Government budget figures reveal total cost of pay and benefits
The total annual amount paid to the Cayman Islands governor, deputy governor, premier, speaker of the house, Cabinet ministers and elected members of the Legislative Assembly averaged just more than $3 million a year between mid-2011 and mid-2013.
According to budget documents released last week, that figure includes salary, personal allowances, pension contributions and health insurance payments made on behalf of those 18 individuals.
The total for the 2012/13 fiscal year was exactly $3,047,898, of which $238,486 was included as a “supplementary appropriation.”
The extra nearly $240,000 went to Cayman Islands backbench and opposition lawmakers as part of their annual salaries in the government’s 2012/13 spending plan. However, that does not mean those elected members received pay raises.
It appears to be only the second time in modern history that those legislators received their full annual paycheck during an election year.
The pay for what were then 10 non-ministerial positions in the Legislative Assembly totaled $238,486 in salary and other emoluments during the period between the dissolution of the house on March 26 and the general election on May 22.
According to information provided by government finance officials, between 1973 and 2005, non-executive legislators did not receive salary during election years between the dissolution of parliament and the date of the general election. In 2009, Cabinet agreed that those non-executive members should receive pay during that roughly two-month period.
According to Erskine May’s treatise on the law, privileges, proceedings and usage of Parliament: “A person who is a member at the time of a dissolution of Parliament continues to receive his/her salary until the end of the day of the poll in the consequent general elections.”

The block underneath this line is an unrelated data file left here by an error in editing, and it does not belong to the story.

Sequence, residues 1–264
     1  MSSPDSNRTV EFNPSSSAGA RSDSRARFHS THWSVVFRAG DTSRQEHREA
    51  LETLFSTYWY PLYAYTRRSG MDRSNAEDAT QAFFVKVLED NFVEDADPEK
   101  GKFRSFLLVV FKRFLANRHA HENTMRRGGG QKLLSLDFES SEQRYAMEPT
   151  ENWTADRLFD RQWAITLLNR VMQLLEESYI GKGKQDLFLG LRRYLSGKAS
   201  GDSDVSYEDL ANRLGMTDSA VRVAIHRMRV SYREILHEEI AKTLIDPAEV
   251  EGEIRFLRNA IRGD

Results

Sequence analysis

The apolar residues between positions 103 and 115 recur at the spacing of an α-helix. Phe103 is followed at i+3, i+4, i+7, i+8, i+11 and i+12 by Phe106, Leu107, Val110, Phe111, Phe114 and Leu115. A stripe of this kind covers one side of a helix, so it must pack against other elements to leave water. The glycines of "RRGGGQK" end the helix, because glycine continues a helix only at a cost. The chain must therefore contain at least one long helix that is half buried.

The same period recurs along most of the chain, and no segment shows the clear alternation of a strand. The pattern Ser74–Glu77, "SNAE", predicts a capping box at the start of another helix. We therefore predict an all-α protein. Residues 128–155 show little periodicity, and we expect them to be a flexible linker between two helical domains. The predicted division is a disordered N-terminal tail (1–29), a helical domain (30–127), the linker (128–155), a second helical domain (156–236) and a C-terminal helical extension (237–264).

Salaries for members of the Cayman Islands Legislative Assembly were released by then-Leader of Government Business McKeeva Bush in 2009.
No net pay increases were received by lawmakers or members of the Cayman Islands civil service since that time. A 3.2 percent cost of living increase was awarded, but later taken away by Mr. Bush’s government.
Leader of Government Business [became Office of the Premier] – $14,818 per month [a 10 percent pay reduction was applied to this position after the salary list was made public]
Speaker of the House – $14,106 per month
Cabinet Ministers – between $13,099 and $13,425 per month
Leader of the Opposition – $10,541 per month [the same 10 percent pay cut was applied to this position]
Deputy Speaker of the House – $10,033 per month
Opposition and backbench representatives – between $9,090 and $9,316 per month
Three elected members of the Cayman Islands Legislative Assembly are also receiving parliamentary pension payments while continuing to serve in the Legislative Assembly, according to information released by the Public Service Pensions Board under a 2011 open records request.
According to the records, McKeeva Bush, Kurt Tibbetts and Anthony Eden are receiving pension payments in addition to their monthly salary.
Mr. Bush, who earned roughly $160,000 per year in salary as premier at the time he retired [including a 10 percent pay cut applied to the premier’s office in 2011 following some budget austerity measures], is eligible to earn more than $100,000 per year in payments from the parliamentary pension plan at the maximum payment of two-thirds of salary.
“I have paid my pension for over 25 years, and by law I am now eligible to receive my pension,” Premier Bush said when asked about it in 2011. “I now receive it.”
Long-serving legislators Mr. Tibbetts and Mr. Eden, both receive 80 percent of the maximum two-thirds of salary payment for pension at the time they retired.
Mr. Eden said he accepted the parliamentary pension in January 2009 after suffering a serious heart problem. He said he was also uncertain of this future position due to the then-impending May 2009 elections.
“You’re entitled to it, I could have deferred it until later down the line, but I’ve got nothing to hide,” Mr. Eden said at the time.
Mr. Tibbetts said he also began receiving his pension in 2009, actually taking less than the maximum pension he could have earned if he waited a few years longer.
“A pension is something that you have earned,” Mr. Tibbetts said. “I was entitled to do so and I made a decision to collect less than the vested amount.
“There are many other people in the civil service and who receive pension now and are working. There are people who are collecting pension that will seek [elected] office again.”